3 Project Activities 1) Design and construct a fish ladder with 6 inch lifts to meet current NMFS fish passage criteria for passing both adult and juvenile age classes of Cutthroat. 2) Design and install a 14 ft wide culvert with an internal simulated stream channel. 3) Design and construct a fish ladder with 6 inch lifts to meet current NMFS fish passage criteria for passing both adult and juvenile age classes of Cutthroat. 4) Design and construct an instream log structure to divert current side channel flow into historic channel that provides direct delivery of the thalweg into the existing jump pool below. 5) Design and install a 14 ft wide culvert with an internal simulated stream channel. 6) Design and install a 14 ft wide culvert with an internal simulated stream channel. 7) Design and install an 11 ft wide culvert with an internal simulated stream channel. Monitoring Results The results of both the pre and two post project snorkel inventories have been summarized below. (Table 1) Rock Cr Comparative Analysis / Results of 20% snorkel Inventory Stream Total 1+ and older Cutthroat % change in abundance from (Pre) Griffith (below dam) % 217% Griffith (above dam) % 50% MF Rock % -4% NF Rock % 26% Stillson % -25% Trib D % -80% Rock (below dam) % 44% Rock (above dam) % 156% Total 1,680 1,750 2,695 4% 60%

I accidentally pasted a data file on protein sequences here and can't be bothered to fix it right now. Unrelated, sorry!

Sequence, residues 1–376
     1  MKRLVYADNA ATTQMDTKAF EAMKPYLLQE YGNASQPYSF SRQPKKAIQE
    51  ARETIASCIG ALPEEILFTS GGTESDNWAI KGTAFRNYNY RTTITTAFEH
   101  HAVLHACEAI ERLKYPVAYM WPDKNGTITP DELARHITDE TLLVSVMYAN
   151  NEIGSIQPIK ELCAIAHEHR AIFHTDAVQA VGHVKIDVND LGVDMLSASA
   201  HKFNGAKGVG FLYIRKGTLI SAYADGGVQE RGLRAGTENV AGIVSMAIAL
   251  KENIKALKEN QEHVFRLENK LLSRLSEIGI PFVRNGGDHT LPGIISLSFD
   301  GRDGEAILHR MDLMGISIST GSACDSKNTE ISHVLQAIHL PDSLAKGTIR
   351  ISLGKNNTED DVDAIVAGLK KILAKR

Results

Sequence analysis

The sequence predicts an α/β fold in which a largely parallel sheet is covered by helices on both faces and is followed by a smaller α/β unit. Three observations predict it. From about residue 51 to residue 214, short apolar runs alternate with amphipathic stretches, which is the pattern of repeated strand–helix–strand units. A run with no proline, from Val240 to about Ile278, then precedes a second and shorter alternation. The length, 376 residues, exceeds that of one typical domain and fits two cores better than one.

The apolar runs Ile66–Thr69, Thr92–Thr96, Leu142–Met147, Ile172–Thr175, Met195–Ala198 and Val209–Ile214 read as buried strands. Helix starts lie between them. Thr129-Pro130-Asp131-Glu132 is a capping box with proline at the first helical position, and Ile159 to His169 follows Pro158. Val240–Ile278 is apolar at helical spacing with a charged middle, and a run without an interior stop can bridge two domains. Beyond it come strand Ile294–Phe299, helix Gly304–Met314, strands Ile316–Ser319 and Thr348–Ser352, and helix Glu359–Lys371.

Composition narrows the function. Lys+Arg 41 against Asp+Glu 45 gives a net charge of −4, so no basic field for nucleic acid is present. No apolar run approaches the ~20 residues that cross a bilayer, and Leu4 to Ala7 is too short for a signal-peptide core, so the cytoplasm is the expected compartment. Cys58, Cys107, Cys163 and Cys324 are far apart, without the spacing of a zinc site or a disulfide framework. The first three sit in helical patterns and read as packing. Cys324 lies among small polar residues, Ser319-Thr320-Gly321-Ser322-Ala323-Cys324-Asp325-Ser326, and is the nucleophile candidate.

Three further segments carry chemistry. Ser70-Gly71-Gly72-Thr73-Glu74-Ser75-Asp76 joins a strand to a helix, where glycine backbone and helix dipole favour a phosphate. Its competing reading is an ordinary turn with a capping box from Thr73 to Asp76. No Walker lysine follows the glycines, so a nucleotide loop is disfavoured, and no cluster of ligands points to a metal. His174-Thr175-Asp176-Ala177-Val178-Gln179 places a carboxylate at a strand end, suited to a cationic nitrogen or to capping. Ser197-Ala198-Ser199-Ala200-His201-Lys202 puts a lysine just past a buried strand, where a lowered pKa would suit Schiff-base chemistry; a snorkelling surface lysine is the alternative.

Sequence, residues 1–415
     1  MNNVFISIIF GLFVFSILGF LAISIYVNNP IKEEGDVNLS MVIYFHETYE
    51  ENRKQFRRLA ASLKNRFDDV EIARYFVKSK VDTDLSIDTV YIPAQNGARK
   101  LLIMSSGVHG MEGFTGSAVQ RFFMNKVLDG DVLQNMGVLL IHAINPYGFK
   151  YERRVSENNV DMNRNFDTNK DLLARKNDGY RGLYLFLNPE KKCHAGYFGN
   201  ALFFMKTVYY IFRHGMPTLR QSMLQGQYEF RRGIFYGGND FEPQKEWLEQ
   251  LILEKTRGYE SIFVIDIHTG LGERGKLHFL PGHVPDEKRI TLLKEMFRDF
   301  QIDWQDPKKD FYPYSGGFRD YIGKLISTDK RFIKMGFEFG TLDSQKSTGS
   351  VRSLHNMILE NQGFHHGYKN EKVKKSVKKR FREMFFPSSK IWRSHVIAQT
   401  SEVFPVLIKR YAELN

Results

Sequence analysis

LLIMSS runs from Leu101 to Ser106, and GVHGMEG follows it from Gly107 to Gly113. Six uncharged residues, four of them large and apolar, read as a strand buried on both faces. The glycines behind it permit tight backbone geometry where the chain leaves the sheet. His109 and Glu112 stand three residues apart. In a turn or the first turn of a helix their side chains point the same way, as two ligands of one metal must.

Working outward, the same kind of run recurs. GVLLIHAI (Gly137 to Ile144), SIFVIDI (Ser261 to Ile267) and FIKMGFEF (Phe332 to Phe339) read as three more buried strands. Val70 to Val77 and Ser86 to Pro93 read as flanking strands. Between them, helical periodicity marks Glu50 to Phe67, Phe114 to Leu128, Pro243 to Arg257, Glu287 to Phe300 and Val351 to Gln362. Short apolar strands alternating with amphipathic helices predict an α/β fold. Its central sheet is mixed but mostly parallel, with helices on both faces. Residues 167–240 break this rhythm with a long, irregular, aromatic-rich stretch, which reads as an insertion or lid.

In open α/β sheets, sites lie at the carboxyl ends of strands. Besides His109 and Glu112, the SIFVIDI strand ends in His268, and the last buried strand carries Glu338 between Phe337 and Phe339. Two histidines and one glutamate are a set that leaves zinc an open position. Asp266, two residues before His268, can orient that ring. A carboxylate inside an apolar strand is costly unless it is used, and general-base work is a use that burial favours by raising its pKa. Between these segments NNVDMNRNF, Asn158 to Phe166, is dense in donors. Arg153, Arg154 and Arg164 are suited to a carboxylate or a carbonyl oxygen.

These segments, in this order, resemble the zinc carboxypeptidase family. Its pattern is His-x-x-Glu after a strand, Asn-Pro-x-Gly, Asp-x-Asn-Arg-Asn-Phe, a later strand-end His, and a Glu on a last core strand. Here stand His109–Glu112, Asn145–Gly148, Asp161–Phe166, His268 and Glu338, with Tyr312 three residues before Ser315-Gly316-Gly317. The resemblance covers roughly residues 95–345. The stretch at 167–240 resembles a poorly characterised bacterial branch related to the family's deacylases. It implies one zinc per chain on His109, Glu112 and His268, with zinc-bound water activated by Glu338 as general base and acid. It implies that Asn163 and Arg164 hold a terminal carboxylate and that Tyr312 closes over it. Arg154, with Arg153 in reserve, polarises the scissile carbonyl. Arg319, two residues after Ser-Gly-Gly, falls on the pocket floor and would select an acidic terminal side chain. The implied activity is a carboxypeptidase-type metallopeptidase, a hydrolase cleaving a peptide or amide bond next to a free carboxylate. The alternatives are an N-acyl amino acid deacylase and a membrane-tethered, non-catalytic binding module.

4 Notes: Highlighted stream segments indicate an increase in Cutthroat abundance 1) No significant change in basin scale population total between Pre and 1st year Post (4%) 2) Large decrease in mainstem Rock Cutthroat below the fish ladder for 1st year post (-47%) 3) Large increases observed above Rock Cr fish ladder, Griffith Cr culvert and Stillson culvert for 1st year post 4) Helicopter placed log structure pools within structure reach (Begin City property - Confl.NF Rock) contained 71% of all Cutthroat observed during 1st post project year. 5) 33.3% of the pool habitat in the structure reach was treated with structure wood. 6) Large increase in basin scale abundance of Cutthroat observed after 2nd post project year (+60%) 7) Large increase in mainstem Rock below the fish ladder after 2nd post project year (+44%) 8) Large increase in mainstem Rock above the fish ladder after 2nd post project year (+156%) 9) Helicopter placed structure logs contained 31% of all Cutthroat observed in the structure reach during the 2nd post project year. Table 1 suggests that insignificant changes in the basin scale abundance of Cutthroat were observed between the pre and first year post project inventory (+ 4%). This implies that the observed changes in distribution were likely not an artifact of density dependant pressures on the existing population. This was a fortunate condition for this first year of monitoring that assisted in witnessing a clear response to improved access to headwater tributaries. There were however very significant increases in the second post project year in basin scale abundance (+ 60%). One of the hypotheses entering into this suite of restoration prescriptions was that the provision of improved access to high quality spawning habitats above the each of the diversion dams would result in a basin scale increase in population size beginning in year 2 post project. A portion of the 60% increase observed is likely associated with the improved spawning and incubation capacity newly available above each of the diversion dams (Griffith Cr and SF Rock). Some portion of this basin scale increase in population may also be the result of natural variation in population dynamics that can be observed in the control reach. The NF Rock is a stream segment included in this inventory as a control for possible changes in population structure, distribution or abundance not influenced by migrants from anywhere else in the basin. This is made possible by the impassable dam on the outfall of the NF Reservoir. This stream segment exhibited a decrease in abundance (- 11%) in 2009 and an increase in abundance (+ 26%) in 2010 when compared to the baseline population estimate developed for There was no change in distribution between pre and post inventories. Some of the more dramatic changes observed occurred in distribution patterns. There were large decreases in the abundance of Cutthroat rearing in the mainstem of Rock Cr and a complimentary large increase of Cutthroat in the headwater stream segments above the SF Rock water intake structure (see figures 1 & 2) and above the Griffith Cr water intake structure (see figures 4 & 5). The shift in distributions from the mainstem of Rock Cr to stream segments above the diversion dams is a sound and clear indicator of successful upstream passage through the newly constructed fish